As a believer, it is obvious the direction we must lead toward. Our lives must be marked by peace, honor, and humility. Our presence should be one of peace, no matter the circumstance, though this is easier said than done. We should pray and ask God to give us the strength to show honor to our family, giving respect and gratitude even when it doesn’t seem deserved. In most families, there are failing marriages, parenting crises, and a thousand other shards of the curse, and if our first response is to puff ourselves up as we compare our own situation then we’ve missed it.
We must exhibit a posture of humility and serve our family as they walk through the difficulty, leading them toward Jesus year after year.
You may agree with me completely, knowing that we should exhibit the fruit of the Spirit to our broken dysfunctional families. But it is still hard to have a thankful heart at Thanksgiving.
May I challenge you with the story of when Jesus visited Simon the Pharisee’s home and was visited by the sinful woman? Jesus told Simon
“When I entered your home, you didn’t offer me water to wash the dust from my feet, but she has washed them with her tears and wiped them with her hair. You didn’t greet me with a kiss, but from the time I first came in, she has not stopped kissing my feet. You neglected the courtesy of olive oil to anoint my head, but she has anointed my feet with rare perfume. I tell you, her sins—and they are many—have been forgiven, so she has shown me much love. But a person who is forgiven little shows only little love.”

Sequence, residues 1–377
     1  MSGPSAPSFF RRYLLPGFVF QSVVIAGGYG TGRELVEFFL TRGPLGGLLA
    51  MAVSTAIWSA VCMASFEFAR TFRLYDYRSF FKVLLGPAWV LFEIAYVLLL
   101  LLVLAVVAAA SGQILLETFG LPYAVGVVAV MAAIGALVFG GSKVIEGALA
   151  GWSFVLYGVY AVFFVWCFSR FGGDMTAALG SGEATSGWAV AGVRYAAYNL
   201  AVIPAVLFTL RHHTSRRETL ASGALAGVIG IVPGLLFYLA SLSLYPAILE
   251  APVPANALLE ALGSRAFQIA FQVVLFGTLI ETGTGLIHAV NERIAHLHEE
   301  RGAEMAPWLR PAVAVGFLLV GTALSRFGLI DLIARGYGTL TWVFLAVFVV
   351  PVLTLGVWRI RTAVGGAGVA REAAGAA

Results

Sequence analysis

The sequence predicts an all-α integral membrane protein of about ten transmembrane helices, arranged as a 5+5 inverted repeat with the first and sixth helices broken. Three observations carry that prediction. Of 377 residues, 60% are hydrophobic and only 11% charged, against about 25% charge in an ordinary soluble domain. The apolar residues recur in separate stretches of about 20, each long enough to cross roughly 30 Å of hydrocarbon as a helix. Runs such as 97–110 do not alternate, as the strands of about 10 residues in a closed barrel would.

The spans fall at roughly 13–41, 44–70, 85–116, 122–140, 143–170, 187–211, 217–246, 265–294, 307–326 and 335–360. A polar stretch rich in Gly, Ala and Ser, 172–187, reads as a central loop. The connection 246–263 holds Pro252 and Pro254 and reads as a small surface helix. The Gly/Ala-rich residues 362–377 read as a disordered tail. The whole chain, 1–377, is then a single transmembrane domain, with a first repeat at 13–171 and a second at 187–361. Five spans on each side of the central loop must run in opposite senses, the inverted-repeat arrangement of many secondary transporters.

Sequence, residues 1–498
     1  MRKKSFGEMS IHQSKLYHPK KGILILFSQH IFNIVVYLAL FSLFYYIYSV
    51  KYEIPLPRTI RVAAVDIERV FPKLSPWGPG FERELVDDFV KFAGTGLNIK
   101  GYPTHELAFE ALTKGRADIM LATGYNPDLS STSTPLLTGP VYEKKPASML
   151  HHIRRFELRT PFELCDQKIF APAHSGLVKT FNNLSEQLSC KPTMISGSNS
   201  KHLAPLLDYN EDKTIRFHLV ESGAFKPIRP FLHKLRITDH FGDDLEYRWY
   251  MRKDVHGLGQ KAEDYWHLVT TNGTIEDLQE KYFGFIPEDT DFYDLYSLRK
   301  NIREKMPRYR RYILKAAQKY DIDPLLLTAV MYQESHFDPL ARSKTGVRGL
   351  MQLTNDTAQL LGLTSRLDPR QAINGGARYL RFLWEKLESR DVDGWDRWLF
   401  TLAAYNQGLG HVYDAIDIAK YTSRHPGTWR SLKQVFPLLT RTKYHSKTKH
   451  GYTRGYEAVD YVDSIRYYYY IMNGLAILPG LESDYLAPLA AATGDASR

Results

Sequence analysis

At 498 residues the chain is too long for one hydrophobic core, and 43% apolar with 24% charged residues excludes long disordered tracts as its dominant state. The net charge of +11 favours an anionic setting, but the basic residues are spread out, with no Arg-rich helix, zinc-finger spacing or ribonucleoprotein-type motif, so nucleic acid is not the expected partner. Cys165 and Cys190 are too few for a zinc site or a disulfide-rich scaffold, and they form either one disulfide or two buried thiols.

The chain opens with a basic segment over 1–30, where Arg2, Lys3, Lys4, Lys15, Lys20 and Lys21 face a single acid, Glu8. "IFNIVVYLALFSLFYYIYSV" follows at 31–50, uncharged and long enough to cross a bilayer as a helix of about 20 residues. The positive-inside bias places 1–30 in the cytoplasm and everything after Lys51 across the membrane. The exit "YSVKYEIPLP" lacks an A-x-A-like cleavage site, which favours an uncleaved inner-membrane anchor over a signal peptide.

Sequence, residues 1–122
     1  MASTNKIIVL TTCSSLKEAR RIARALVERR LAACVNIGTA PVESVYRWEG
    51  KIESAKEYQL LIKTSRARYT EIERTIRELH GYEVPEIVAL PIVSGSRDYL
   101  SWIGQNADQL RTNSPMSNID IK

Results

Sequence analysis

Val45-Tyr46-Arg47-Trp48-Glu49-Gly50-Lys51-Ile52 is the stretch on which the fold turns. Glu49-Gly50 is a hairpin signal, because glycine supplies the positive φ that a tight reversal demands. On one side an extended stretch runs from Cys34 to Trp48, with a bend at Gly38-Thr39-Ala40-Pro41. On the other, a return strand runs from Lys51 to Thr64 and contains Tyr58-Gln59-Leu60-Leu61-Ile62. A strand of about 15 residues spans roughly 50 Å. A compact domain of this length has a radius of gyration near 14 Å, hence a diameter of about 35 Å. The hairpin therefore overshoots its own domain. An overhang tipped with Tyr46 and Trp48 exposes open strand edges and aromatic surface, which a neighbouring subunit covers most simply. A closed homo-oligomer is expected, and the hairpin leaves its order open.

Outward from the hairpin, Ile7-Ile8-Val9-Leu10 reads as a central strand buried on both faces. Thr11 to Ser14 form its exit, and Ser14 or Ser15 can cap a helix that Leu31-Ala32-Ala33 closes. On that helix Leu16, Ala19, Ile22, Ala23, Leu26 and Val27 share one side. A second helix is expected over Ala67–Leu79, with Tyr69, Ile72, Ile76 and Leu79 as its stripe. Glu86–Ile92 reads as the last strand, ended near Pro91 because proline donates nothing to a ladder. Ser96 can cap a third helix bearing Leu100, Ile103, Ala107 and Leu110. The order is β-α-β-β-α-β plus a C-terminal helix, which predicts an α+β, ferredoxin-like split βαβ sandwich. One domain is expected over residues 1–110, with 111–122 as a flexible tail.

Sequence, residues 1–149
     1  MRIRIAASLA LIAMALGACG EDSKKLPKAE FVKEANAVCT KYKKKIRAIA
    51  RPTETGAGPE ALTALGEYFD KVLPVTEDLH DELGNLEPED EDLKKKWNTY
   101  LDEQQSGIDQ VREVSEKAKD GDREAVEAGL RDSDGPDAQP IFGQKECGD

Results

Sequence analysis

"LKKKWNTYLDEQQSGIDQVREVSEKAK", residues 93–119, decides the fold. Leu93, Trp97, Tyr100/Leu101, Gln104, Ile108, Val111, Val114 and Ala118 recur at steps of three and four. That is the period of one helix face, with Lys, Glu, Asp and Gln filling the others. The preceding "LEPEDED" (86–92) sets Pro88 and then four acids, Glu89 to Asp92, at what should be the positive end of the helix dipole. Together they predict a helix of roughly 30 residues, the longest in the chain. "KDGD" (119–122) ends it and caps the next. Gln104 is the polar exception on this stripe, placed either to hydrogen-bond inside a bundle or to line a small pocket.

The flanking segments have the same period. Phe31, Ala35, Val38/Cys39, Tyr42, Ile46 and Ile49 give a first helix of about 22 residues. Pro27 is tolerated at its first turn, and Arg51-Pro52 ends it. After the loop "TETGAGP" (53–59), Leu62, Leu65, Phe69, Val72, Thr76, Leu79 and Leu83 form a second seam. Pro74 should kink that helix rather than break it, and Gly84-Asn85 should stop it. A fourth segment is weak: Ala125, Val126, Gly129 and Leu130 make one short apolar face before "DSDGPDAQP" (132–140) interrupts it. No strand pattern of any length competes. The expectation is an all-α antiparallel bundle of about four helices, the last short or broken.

May we not exhibit a heart posture of Simon – giving more criticism, insecurity and irritation. May we exhibit a heart of thankfulness, as the broken woman whose love for Jesus did. Our sins are just as ugly and numerous, just maybe not as public or notorious. So no matter what happens during our family get together, may we get low – exhibiting a posture of peace, honor, and humility.
Grace runs downhill and we must live and love out of the riches of the grace given to us. Would we wash the feet of our family as Jesus got low and washed our feet. Would we show not a little love, but abundant love as Christ has forgiven us of so much.
Abide with Jesus. Allow thankfulness to run out of your enjoyment with Him.
Feast first with the King in His Word, before ever feasting with your Family during the holidays. Fight to delight in Him, knowing that one day we will dine with Jesus (Rev 19:9). We will dwell in the presence of God forever (Rev 21:3). He will make all things new (Rev 21:5). But until that day may we radiate the love of Jesus to our families, and to our world with a thankful heart.
DIRECTOR OF ADULT MINISTRIES
Isaiah joined our team in 2018. He comes from a big family in Roanoke and is married to an Island girl from West Papua. He enjoys baseball, disc golf, hiking, and anything that involves an adrenaline rush. He seeks to never waste a moment, and live for eternity.
Hear Isaiah’s full story on The Alongside Podcast: